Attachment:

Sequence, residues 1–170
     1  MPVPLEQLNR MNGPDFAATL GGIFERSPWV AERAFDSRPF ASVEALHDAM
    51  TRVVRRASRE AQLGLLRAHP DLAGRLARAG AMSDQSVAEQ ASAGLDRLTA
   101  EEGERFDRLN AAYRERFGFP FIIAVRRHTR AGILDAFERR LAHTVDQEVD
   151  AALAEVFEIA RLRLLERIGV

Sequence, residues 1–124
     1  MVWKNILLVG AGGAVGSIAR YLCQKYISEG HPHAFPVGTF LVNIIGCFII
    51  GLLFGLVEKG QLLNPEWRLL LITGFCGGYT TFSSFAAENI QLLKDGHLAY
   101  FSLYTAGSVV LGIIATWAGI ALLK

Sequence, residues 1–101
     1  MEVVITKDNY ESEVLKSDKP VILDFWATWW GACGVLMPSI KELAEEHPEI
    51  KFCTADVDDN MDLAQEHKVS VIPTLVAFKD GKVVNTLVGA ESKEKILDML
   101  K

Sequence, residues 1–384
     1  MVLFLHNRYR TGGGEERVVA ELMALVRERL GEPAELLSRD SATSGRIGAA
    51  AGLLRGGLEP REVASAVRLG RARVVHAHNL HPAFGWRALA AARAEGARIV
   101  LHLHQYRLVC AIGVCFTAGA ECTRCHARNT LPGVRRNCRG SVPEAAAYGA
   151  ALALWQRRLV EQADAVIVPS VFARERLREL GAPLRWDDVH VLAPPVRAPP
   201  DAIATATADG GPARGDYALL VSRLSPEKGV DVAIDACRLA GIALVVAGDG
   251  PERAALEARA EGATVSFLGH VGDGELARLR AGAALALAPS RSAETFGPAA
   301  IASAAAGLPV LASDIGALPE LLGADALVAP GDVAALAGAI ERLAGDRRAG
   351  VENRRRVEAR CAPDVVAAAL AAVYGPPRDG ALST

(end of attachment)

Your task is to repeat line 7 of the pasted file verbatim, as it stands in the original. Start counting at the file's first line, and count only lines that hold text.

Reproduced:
     1  MVWKNILLVG AGGAVGSIAR YLCQKYISEG HPHAFPVGTF LVNIIGCFII